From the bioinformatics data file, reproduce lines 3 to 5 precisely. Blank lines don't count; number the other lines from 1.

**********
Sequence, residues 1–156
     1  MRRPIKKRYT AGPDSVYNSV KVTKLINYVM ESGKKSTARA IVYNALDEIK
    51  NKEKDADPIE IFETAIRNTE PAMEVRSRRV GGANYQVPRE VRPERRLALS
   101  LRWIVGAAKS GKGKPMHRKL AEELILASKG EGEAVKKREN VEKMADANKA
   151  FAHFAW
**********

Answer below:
    51  NKEKDADPIE IFETAIRNTE PAMEVRSRRV GGANYQVPRE VRPERRLALS
   101  LRWIVGAAKS GKGKPMHRKL AEELILASKG EGEAVKKREN VEKMADANKA
   151  FAHFAW